This book frequently pauses in its narration of Western development to consider key aspects of nonwestern civilizations, both past and present. It makes no sense to isolate the West from other regions that have helped shape it, and upon which it has impacted, especially in an age that is now no longer dominated by the West but is truly global.

A global perspective transcends any claims for the superiority of one civilization to another. The civilization of the West is the focus of this book not because it is better (which is arguable) or because it is ours ( it is not "ours" to many Americans by virtue of birth), but because it embodies principles of permanent value that will survive as long as there are those who learn them, reflect on them, and teach them to future generations, both in the West and elsewhere in the world.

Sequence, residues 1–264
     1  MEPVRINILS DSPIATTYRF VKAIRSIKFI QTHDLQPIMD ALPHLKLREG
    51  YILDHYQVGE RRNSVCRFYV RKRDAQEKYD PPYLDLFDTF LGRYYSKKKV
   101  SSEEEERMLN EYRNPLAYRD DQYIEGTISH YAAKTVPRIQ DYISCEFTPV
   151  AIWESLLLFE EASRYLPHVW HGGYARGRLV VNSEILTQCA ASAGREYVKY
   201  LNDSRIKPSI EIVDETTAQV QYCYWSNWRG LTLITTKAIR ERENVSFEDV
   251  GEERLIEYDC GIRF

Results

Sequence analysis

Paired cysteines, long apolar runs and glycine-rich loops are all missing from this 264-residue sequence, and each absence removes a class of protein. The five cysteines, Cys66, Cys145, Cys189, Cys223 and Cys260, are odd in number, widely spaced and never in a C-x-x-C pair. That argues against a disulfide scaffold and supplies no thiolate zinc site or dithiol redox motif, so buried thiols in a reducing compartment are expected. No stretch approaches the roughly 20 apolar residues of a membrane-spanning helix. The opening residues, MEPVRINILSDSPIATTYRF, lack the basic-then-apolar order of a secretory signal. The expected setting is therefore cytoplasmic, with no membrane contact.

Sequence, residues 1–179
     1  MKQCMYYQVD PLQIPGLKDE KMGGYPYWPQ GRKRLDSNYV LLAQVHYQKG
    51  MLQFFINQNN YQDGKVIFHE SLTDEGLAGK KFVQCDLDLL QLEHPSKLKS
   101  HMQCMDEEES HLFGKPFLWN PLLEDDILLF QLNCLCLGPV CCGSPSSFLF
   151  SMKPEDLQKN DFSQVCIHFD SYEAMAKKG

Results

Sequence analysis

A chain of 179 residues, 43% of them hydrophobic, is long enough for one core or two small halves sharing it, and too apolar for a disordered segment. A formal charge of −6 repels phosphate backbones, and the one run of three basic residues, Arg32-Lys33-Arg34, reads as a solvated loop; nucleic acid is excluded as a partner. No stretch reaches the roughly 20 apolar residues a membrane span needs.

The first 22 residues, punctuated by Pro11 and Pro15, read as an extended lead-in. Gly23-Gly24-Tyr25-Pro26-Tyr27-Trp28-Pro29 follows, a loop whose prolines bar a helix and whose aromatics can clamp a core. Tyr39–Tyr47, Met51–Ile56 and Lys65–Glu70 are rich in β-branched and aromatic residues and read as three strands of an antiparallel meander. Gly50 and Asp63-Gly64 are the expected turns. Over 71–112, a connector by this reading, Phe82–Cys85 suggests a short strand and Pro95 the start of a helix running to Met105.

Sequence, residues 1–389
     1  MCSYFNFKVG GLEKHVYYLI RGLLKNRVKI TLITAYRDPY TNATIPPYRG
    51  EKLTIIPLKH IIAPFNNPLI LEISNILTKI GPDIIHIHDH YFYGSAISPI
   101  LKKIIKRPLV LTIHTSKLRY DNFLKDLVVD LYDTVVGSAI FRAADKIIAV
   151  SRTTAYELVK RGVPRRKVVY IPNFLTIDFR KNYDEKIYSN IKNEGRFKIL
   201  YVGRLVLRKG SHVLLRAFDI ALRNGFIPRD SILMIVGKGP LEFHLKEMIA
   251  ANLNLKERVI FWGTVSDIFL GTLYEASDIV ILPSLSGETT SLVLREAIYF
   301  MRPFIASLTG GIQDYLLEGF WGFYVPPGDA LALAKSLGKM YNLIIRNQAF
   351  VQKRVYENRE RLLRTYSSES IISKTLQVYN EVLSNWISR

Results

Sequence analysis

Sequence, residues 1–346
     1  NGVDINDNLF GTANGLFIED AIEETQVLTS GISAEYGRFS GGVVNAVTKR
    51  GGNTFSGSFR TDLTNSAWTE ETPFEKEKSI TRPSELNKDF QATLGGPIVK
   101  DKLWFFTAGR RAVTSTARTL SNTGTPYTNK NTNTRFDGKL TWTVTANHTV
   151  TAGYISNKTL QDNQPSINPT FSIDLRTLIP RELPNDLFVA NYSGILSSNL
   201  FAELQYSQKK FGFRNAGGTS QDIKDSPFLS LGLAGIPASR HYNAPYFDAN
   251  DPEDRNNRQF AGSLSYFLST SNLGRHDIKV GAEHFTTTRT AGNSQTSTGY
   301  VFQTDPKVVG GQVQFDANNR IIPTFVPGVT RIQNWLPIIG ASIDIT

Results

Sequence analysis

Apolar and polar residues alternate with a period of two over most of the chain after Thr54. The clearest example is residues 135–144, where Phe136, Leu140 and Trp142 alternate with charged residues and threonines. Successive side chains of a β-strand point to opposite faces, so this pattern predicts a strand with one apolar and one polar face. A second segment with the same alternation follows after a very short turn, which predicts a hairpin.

ORGANIZATION OF THE TEXT

If the West is not a place but a collection of ideas, values, customs, and beliefs, we still need to understand its development. How did it arise? Who were its main architects? Where did it begin its journey, and where did it travel? When did it begin, when did it crystallize, and when was it most challenged? Why did it emerge as it did, and why is it important for us to know these things? These are the kinds of large questions posed by history that lie behind the smaller ones: Why did this king follow that one? Who opened up this pass or invented that tool? How did that army triumph or that book win notice? Where did those people live? When did disease or starvation claim the most lives?